The subject of process dynamics can get quite involved and cause many to shy away from it. Emerson’s Felipe Fakir, a systems engineer based in Brazil, has written a whitepaper, Process Characterization, to make the topic more approachable—at least in how to identify simple process dynamics.
He opens introducing the process variables used in a control system:
- Manipulated variable – Process input that can be adjusted to keep a control variable at a specific value
- Disturbance – Measured process input that can’t be adjusted, it changes the process response
- Control variable – Process response that must be kept at a constant value
- Restriction – Process output that must be kept within limits, restricting the manipulated variables adjustments
Felipe describes the process of running tests to determine the type of process. Some very common ones include first-order process with deadtime, integrating process, and inverse process.The first-order process is one with deadtime. Felipe cites a temperature response curve inside a furnace as an example of a first-order process.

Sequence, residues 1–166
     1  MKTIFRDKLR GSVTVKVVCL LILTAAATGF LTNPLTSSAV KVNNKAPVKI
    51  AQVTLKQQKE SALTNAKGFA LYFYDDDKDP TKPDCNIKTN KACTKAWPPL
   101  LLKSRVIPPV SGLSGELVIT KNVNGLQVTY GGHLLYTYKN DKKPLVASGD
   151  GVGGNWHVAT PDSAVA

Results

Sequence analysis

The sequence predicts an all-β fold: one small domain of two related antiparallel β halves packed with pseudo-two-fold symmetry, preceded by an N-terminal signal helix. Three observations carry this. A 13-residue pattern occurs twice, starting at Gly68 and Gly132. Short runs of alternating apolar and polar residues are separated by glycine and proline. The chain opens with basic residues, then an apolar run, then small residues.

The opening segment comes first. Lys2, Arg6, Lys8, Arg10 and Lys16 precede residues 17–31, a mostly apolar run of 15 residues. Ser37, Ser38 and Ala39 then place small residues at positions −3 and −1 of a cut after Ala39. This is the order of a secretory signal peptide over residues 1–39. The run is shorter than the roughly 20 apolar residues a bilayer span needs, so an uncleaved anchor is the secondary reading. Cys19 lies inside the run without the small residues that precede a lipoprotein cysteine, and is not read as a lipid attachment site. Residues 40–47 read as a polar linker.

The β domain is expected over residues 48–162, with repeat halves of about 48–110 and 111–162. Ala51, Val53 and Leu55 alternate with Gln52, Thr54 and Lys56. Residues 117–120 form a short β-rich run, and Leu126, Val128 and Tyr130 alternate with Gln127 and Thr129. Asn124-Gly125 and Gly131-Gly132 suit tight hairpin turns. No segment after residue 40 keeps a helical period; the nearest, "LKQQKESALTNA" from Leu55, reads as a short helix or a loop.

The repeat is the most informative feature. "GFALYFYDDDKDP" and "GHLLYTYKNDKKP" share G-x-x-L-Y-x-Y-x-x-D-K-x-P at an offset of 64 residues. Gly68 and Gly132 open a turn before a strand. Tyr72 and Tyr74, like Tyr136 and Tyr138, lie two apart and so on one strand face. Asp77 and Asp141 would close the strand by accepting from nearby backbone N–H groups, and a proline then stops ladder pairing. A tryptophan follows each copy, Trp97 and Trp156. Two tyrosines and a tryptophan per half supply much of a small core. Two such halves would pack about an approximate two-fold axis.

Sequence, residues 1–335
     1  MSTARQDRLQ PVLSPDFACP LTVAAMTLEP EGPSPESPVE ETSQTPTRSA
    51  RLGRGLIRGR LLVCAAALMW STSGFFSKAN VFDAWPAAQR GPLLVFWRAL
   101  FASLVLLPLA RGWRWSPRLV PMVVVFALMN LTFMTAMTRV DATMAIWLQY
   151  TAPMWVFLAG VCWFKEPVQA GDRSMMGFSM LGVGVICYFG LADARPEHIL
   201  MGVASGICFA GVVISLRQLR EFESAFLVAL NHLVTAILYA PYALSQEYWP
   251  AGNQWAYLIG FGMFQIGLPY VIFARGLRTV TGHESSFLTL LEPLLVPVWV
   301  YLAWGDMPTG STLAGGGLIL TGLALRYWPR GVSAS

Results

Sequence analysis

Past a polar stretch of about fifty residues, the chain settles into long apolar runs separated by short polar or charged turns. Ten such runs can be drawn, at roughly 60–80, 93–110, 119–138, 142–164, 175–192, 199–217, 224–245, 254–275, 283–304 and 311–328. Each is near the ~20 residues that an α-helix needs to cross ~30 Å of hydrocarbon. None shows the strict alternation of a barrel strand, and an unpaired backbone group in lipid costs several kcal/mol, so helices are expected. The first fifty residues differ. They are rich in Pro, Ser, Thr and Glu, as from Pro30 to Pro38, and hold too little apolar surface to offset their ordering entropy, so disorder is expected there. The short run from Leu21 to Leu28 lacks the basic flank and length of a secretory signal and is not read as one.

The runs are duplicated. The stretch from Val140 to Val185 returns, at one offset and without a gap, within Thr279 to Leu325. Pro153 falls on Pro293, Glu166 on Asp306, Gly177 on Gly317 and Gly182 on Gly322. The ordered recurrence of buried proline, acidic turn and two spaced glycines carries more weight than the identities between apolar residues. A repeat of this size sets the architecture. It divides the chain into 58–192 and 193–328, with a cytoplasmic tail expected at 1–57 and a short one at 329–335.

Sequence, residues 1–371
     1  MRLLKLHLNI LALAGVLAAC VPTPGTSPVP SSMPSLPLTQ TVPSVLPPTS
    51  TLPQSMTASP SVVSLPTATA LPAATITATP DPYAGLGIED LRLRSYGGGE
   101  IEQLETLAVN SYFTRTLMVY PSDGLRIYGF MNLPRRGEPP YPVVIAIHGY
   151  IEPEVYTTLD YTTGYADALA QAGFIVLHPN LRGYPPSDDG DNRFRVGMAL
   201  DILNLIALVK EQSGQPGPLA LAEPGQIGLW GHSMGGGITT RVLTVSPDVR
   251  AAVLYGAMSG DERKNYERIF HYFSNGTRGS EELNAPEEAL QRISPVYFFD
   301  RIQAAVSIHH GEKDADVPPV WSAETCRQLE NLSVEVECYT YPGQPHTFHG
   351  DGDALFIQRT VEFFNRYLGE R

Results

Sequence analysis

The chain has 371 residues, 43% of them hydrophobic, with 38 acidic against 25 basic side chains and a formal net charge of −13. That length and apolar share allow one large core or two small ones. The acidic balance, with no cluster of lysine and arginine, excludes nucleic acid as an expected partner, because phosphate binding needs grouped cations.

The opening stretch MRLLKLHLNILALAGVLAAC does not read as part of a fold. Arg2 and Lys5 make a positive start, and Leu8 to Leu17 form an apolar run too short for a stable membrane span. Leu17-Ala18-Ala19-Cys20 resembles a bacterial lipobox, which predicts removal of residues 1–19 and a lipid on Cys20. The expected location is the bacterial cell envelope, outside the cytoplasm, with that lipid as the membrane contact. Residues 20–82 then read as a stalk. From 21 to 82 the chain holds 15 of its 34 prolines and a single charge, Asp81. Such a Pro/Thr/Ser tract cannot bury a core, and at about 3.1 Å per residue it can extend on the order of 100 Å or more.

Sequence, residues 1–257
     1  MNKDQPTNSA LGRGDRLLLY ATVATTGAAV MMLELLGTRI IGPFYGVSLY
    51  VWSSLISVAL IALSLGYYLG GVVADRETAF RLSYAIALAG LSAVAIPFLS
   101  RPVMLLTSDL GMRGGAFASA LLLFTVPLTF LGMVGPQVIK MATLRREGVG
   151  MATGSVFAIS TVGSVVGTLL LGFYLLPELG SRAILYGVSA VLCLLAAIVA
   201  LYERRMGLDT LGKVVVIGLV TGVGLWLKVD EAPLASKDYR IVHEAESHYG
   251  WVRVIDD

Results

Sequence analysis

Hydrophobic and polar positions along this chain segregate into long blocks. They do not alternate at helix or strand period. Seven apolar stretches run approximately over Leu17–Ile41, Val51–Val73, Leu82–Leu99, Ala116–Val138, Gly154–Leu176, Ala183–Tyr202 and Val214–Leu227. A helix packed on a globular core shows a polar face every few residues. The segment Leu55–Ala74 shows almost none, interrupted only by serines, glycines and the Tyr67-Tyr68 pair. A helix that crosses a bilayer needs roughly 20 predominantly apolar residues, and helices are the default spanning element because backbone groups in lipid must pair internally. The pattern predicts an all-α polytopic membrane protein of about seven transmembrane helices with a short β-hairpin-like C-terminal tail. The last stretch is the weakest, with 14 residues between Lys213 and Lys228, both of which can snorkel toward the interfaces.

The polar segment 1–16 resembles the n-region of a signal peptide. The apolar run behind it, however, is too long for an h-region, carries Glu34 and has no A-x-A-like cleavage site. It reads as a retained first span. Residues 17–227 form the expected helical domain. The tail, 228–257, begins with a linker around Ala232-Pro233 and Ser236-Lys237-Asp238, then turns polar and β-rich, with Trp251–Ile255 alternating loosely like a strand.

He notes that a first-order process is stable because once the setpoint step change is applied, the process variable stabilizes at the new value.
Integrating processes change at the integral rate over time. A level in a tank is an example of an integrating process.
An inverse process is one where the initial response to a setpoint change is in the opposite direction before moving back in the same direction as the change. Bottom heating in a distillation column is an example of an inverse process response.The number of time constants within a process determines if it is first-, second-, third- etc. order. Three or more time constants denote higher order process.
Felipe describes the steps in finding process constants in a first-order example. The time constant (Ƭ) is found at the process variable’s 63.2% climb to the setpoint change. The mathematics behind this value is found in the Time Constant Wikipedia entry.The delay between when the setpoint step change is made and the process variable begins to move is known as dead time.
The process gain (Kp) is defined as the steady state change in the measured process variable divided by the steady state change in the output.